The final stage is where a person accepts their sight loss, possibly through the reconstruction of self-identity and reconceptualisation of their eye condition. For instance, perceiving their eye condition as life changing as opposed to life threatening. Strategies such as retaining a positive mental attitude, ‘looking on the bright side of life’ may be employed during this stage.

The model offers a process through which the transition from sight to blindness can be understood. It is not prescriptive and is not a straightforward linear process. It highlights the need for different types of emotional support at differing points of the sight loss journey. For instance, at the point of diagnosis, support from a front-line, Eye Clinic Liaison Officer (ECLO) to help with the shock and panic of diagnosis, while counselling support may help individuals come to terms with multiple losses at the point of impact. Counselling may also assist at Stage 4 when individuals may be encountering a change in identity – ‘coming out’ as a blind person and dealing with social reactions, assumptions and social oppression.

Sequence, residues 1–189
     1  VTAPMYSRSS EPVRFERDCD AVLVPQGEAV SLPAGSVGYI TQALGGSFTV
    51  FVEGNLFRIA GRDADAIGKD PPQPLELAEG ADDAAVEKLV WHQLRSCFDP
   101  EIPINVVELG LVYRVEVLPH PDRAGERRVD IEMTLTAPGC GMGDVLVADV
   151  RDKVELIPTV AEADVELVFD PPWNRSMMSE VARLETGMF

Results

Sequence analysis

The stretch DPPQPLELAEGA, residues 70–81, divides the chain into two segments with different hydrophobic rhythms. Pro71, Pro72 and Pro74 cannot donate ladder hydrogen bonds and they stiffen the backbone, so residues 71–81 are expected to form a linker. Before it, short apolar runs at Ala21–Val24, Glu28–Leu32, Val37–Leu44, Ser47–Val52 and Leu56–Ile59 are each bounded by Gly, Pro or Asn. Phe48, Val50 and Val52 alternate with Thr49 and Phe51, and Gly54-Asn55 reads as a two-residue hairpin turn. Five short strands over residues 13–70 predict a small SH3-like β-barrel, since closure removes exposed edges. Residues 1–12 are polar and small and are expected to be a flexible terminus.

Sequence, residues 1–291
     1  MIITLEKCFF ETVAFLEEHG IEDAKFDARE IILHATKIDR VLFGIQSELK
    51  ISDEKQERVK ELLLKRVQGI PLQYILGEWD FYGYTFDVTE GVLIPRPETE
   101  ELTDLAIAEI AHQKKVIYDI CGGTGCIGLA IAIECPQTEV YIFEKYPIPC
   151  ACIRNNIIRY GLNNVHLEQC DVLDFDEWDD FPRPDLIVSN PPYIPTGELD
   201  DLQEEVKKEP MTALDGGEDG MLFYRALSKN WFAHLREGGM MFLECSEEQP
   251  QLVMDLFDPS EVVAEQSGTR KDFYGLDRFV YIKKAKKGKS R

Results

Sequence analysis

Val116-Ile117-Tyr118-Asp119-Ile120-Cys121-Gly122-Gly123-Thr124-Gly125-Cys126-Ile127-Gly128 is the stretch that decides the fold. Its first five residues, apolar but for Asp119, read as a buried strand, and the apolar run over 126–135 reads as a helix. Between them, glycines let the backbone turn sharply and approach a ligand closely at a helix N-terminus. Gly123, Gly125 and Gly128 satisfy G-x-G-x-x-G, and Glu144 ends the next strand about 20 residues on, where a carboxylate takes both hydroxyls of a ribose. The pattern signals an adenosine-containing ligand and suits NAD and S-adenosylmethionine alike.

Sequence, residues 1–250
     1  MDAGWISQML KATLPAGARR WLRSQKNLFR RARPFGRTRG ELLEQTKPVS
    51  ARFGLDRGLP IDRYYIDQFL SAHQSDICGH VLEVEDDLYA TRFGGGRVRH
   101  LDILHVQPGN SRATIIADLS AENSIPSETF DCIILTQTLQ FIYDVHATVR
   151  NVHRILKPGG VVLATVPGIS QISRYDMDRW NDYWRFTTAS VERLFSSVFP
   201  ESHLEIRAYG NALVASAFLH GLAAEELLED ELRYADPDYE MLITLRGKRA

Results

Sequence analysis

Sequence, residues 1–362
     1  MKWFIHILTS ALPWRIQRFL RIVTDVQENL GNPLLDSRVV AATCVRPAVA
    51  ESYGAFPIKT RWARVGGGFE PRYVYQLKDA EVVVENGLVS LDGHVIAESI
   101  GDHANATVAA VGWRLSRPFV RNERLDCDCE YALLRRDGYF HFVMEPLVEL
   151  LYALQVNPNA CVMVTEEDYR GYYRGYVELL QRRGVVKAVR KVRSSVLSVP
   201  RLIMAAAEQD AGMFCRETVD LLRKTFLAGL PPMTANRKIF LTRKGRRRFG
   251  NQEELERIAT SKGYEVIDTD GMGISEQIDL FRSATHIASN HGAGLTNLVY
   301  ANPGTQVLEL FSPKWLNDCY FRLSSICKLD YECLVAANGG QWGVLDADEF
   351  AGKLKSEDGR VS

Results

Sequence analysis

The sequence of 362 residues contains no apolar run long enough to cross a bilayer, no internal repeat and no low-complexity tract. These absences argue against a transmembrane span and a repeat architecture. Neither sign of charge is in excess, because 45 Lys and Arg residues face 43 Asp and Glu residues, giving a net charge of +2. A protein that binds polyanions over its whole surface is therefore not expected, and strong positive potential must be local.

Dr Mhairi Thurston and the Royal National Institute of Blind People (RNIB) have been instrumental in recognising the importance of emotional support and access to counselling services for people experiencing sight loss. The RNIB Eye Clinic Support Services, provide ECLO support at the point of diagnosis in eye clinics across Scotland (and the UK). Not every eye clinic has an ECLO service – placing those encountering sight loss at a distinct disadvantage in terms of making a positive transition and acceptance of, sight loss.

I would like to thank and acknowledge Dr Mhairi Thurston who provided me with ‘The Five Stages of Sight Loss’ and Amanda Hawkins, Strategic Lead, Counselling and Mental Health, Confident Living and Skills Development, RNIB.

The RNIB Need to Talk Service offers counselling services to people with sight loss. This can be accessed through the RNIB Helpline: 03 03 123 999. For further information on ‘The Five Stages of Sight Loss’, please see the publication (this link will take you away from our website) and journal article (this link will take you away from our website).